The National Weather Service Climate Prediction Center forecast is just the opposite.  They have 34 states warmer than normal this winter and 15 states near normal for temperatures (they don’t include Hawaii).  The area with the greatest chance of a warmer than normal winter is Michigan, Wisconsin and Minnesota.  They are forecasting an “equal chance” of above or below normal precipitation for the Great Lakes region this winter.

An interesting note…over the past 10 years, snowfall has trended upward in Grand Rapids and Muskegon.

First of all, we are moving back toward La Nina.   We had La Nina conditions last winter and wound up with 107″ of snow in Grand Rapids, our 2nd highest total ever.   The pattern went neutral this summer, and is now trending back toward La Nina, although it is now a weak La Nina.  Last year was one of the snowiest (if not THE SNOWIEST) winter in North America.  I don’t think we’ll have a repeat of that, but the pattern would suggest near to above normal snowfall for the Great Lakes.

We have been in a sunspot minimum in 2008.  August was the first calendar month since 1913 without a single sunspot.  History has shown a correlation between the number of sunspots and global temperature.  While this is more of a consideration for long-term climate (decades), I note that the Sporer, Maunder and Dalton sunspot minimum periods coincided with a cooling of global temperature.  The current sunspot minimum has been a little longer and stronger than expected and has been accompanied by a decrease in the solar wind.

Winter has come early in the Arctic.  Barrow at the northern tip of Alaska had 21″ of snow in 28 days (they average 29″ per year…it’s a cold desert up there.  Fairbanks has only had two days warmer than average in the last month and a half.  During October and early November, Fairbanks has been 8 degrees colder than average!  On the southern coast, Anchorage has only had one month this year that has been warmer than average.  They haven’t reached 30 degrees since Oct. 22 and the last three weeks have been five degrees colder than average.  The water off Alaska is colder than average and the sun won’t be of any help until spring.  That heavy, cold air will start building southward soon.  The surface Arctic icecap grew this year and is now at its greatest areal extent since 2002.

We have had a Gulf of Mexico centered hurricane season (Gustav and Ike brought heavy rain to West Michigan).  Recent years when that happened are 1985, 1989, and 1995.

If you look back through these years, you’ll find that December 1985 was the 12th coldest December ever in Grand Rapids and December 1989 was the 5th coldest December on record. December 1995 was four degrees colder than average. The average season snowfall for Grand Rapids is 72.9”. The season snowfall for the above years is 79.1” for the winter of 1985-86, 89.8” for the winter of 1989-90, 79.7” for the winter of 1995-96.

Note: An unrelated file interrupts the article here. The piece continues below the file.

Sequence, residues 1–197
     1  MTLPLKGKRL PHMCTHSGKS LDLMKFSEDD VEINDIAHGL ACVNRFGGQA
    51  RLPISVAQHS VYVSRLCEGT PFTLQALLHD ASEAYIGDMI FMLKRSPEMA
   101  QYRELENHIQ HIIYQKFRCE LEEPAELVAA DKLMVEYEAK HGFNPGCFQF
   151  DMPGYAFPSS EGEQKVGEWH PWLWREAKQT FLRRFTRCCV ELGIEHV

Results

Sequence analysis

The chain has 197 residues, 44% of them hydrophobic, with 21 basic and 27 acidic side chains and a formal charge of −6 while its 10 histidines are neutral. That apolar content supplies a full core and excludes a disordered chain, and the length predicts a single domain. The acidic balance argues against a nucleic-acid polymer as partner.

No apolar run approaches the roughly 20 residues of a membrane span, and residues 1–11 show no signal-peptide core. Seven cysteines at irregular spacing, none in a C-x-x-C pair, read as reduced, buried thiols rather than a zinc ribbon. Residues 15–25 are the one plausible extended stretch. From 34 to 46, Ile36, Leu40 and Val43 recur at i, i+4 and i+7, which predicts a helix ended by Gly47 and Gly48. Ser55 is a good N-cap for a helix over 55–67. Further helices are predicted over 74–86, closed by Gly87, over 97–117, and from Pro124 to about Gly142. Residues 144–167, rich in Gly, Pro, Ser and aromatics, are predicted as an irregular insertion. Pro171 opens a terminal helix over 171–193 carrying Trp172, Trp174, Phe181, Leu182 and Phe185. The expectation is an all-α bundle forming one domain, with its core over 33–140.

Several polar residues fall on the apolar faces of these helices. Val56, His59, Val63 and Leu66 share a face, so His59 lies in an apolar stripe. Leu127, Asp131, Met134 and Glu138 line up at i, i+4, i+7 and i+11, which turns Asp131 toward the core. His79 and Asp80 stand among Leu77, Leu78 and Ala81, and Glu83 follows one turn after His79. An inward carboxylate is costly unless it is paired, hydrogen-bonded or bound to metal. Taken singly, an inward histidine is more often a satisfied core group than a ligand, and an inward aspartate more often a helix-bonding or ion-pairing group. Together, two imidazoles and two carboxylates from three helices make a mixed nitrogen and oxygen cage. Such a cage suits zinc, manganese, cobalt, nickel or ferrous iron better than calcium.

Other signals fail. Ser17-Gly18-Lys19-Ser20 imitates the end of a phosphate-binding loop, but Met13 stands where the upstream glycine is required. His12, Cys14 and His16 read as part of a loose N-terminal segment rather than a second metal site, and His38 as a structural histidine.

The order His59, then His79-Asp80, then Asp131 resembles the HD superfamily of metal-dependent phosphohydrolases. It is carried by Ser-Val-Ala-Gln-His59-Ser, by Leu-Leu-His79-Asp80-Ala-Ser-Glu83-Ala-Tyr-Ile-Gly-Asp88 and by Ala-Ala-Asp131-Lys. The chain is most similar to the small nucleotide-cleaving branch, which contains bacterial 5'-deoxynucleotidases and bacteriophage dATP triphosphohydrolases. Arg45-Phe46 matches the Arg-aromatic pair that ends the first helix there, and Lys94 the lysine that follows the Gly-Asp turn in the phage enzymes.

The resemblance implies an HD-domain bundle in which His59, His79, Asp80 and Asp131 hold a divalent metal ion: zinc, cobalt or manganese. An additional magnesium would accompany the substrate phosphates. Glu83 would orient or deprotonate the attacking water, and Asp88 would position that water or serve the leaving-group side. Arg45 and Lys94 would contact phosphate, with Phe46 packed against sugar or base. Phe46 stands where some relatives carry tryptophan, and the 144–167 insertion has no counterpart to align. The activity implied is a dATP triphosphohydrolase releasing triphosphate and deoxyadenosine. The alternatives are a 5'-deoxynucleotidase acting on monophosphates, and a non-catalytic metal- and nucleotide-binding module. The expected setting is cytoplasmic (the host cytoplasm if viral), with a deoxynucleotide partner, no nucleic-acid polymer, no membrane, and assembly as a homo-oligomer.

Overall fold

We only had one day this summer when the temperature was warmer than 90 degrees in Grand Rapids (and that was Sept. 2).

Having digested all of this and more, I think snowfall this winter over the area will be above normal, varying from 55-60 inches in Lansing area to 85 inches in Grand Rapids to 100 inches in the favorable lake-effect areas. Marquette in the Upper Peninsula should top 150” for the winter.  I think it’ll be colder than average in December.  Lake Michigan is a little warmer than average and the lake temperature will stop for a week or two around 39 degrees as the lake water “overturns”.  This will set the stage for some significant lake-effect snow in late November into December.  We have a 57% chance of a White Christmas in Grand Rapids.  This year I think the chance of a White Christmas (snow on the ground) will be at least 75%.  We will see a January thaw, but winter will drag on a little later into March, when temperatures may again be a little cooler than average.

This will mean we’ll have to spend a fair amount of money on plowing, sanding and salting.  That will be a concern as the winter drags on during these financially lean times.  So, don’t be afraid to get the season ski pass, get the snowmobile or cross country skies ready or find the ice fishing equipment.  Winter is definitely on the way!

This pattern will mean only brief incursions of cool air to central and southern Florida, so if you want to escape the cold, that would be a nice place to be.

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154 Responses to “Bill’s Winter Forecast”

  1. Ellen says:

    thanks for this Bill! that was so cool that you put the 75% chance of a white Christmas on your forecast, I always hope we will have one! I live in Grand Rapids, do you think we’ll see any significant snowfall soon? i’m getting so jealous of barrien county and everywhere else where they’re getting tons! thanks!

    Ellen

  2. emily says:

    I was wondering when was the last green christmas in grand rapids?

  3. Hey, is their something wrong with your RSS feed or is my reader being stupid?

    1. Bill Steffen says:

      I think we have it back. It’ll go offline from time to time as we move the radar around. We don’t have a separate computer for this…just what’s up on the desktop.